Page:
By Kimothy Jones Jr.
December 14, 2012. The Sandy Hook Elementary School mass shooting is all over the news. Twenty children and six faculty members are killed, and it becomes yet another tragic event at the hands of a disgruntled person with an automatic assault rifle.
Therein lies my question: why should civilians be allowed to own high-powered assault rifles? President Obama and many others have called for stricter gun laws. Mainly on automatic weapons.
There are those who feel the need for stricter laws on guns in general. However, to be honest, taking away guns completely from citizens will probably never happen. The best thing to do is to stick to stopping assault rifles.
Despite the number of mass shootings such as Sandy Hook, the Virginia Tech shooting in 2007, or gun violence altogether, gun owners stick by their right to bear arms.
“I absolutely do not believe we should have stricter gun laws,” said Sarah Allison, a WPU student. “I believe in the U.S Constitution, and people should have the right to own guns and defend themselves if need be.”
Allison’s sentiments are echoed by not just gun owners, but folks that simply believe in the rights afforded by the 2nd amendment.
Many will say that criminals will find ways to get guns whether there are laws set in place or not.
That excuse isn’t good enough in the eyes of others, including myself. If we have to find a way to get guns out of the hands of criminals first before moving to citizens, fine, but saying criminals will find a way isn’t an excuse not to try and do SOMETHING.
“I definitely think we should try and get the guns out of the hands of the felons first,” Said Ross Behuniak, a WPU student.” Every gun owner should be required to have a safe. We should have more funding and effort on the part of law enforcement to make sure your guns are locked up.”
Behuniak’s comments bring up another point, which is safety. Guns owners tend to just point at criminals, and say their gun rights shouldn’t be taken away because of them. In reality, there have been tragic situations where the gun in question belonged to a “responsible gun owner,” but was too easily accessed by someone who shouldn’t have it.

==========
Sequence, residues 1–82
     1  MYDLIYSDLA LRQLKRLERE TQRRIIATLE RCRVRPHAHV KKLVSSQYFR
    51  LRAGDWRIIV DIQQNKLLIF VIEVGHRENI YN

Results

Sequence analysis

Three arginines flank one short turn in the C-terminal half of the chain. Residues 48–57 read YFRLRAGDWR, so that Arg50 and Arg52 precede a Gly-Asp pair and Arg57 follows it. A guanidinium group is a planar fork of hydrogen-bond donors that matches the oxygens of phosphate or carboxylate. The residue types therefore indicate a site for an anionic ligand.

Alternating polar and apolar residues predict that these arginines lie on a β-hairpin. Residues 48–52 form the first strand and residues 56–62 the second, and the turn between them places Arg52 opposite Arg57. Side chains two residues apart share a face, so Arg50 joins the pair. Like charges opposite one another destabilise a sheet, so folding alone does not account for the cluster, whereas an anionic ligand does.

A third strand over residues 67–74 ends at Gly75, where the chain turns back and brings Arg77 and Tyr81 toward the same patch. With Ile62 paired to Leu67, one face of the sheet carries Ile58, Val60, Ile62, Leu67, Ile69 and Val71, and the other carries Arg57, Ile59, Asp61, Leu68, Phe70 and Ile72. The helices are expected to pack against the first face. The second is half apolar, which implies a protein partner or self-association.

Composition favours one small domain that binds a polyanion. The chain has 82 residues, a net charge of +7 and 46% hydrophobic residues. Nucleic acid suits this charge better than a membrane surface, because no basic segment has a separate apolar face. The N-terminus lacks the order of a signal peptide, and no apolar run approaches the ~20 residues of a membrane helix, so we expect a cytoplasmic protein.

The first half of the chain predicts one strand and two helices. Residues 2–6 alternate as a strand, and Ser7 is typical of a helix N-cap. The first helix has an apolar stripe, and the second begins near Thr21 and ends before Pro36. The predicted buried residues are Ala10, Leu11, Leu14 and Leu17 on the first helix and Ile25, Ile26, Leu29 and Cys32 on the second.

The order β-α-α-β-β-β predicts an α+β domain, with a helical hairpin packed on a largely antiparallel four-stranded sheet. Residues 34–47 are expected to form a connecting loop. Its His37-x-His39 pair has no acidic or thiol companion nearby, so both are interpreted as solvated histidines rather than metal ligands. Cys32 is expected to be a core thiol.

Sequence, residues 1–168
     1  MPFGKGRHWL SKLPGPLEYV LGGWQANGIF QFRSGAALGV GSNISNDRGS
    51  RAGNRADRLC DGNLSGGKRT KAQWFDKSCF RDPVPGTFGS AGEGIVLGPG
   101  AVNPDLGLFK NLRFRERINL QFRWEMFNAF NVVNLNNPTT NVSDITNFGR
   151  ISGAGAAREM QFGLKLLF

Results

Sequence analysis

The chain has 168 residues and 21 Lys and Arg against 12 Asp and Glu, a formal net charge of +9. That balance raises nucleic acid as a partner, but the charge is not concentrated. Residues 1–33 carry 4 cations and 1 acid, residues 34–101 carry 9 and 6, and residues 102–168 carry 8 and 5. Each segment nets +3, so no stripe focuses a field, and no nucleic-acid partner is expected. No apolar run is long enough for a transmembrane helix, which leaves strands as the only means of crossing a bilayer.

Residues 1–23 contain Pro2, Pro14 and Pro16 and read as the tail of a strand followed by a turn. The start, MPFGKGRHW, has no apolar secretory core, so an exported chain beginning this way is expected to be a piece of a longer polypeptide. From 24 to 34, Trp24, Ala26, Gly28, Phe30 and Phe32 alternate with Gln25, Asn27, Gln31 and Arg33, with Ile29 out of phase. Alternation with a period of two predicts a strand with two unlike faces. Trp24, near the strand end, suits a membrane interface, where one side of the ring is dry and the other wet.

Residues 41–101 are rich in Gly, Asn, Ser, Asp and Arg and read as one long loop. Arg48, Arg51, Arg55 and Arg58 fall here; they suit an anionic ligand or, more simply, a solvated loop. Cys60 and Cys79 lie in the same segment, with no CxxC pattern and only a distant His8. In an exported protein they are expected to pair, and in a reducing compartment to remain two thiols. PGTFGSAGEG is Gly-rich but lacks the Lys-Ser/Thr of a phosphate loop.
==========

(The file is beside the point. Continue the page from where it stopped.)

For example, 20-year-old Adam Lanza, the gunman of the Sandy Hook shooting, used his mother’s semi-automatic rifle during the shooting. I’m sure that criminal gun activity outweighs those situations, but there have been enough instances where gun owners have slipped up to make you wonder.
The number one thing that most anti-gun Americans are calling for is stricter universal background checks. ome suggest medical checks and history of aggression be included. Like I said before, taking away all the guns from the people (i.e. handguns) will probably never happen. Though handguns are still a debatable topic.
Take the Trayvon Martin case for example.
If George Zimmerman didn’t have a gun on him that day, would Martin be alive? Would Zimmerman have even had the courage to follow him in the first place? What about owners of hand guns who decide to kill their spouse over domestic disputes, would that help save lives? Even though Zimmerman was acquitted, should he really be allowed to own any type of gun? Should citizens be allowed to carry concealed weapons?
“I’m a little concerned about the legislature’s rights to carry concealed weapons even at some places where you can drink,” said Larry Griffin, WPU assistant controller.
These are just simple questions to ponder on; there are probably people in America who would love to live in a world where any and all guns are prohibited, but again, it’s unreasonable to think that will happen.
Gun laws are different in every state, some are already stricter as they are, and some are not. Depending on where you get your statistics from, there are some that show neighborhoods/cities with higher responsible gun ownership have less crime.
Even so, that does not take away the danger of non-safety, which is where the stricter background checks could help.
“There just isn’t a perfect way to regulate people from doing stupid stuff with guns,” said Allison.
And she is correct, but that does not mean we should do nothing. As long as people own hand guns or regular rifles, there will always be some amount of violent crimes. However, if assault weapons are taken away, we can surely save enough lives to make some kind of difference. Something is always better than nothing.
In terms of the 2nd amendment, as a history lover, people must realize that in 1776 when that amendment was made by our founding fathers, it was a different era and situation. Our society has evolved, and so have the weapons.
Trying to guess the thoughts of men who lived over 200 years ago is difficult, but would Jefferson, Washington and company still feel the same way if they were living in 2013? Are having TONS of deadly weapons in all the homes really what they wanted? Those questions are up for debate, but it’s something to think about.
Both sides of the gun control argument have reasonable concerns and points. At the moment though, neither side has enough points or statistics to win, which is why the debate will continue on, and why the government is taking precautions on what decision they choose to make.